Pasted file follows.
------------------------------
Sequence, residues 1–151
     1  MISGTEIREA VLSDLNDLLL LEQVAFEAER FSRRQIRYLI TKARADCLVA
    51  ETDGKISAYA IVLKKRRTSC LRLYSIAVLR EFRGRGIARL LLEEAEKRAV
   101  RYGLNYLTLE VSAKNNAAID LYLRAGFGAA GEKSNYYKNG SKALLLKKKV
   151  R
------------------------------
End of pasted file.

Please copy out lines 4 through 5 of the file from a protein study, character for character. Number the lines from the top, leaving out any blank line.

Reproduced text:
   101  RYGLNYLTLE VSAKNNAAID LYLRAGFGAA GEKSNYYKNG SKALLLKKKV
   151  R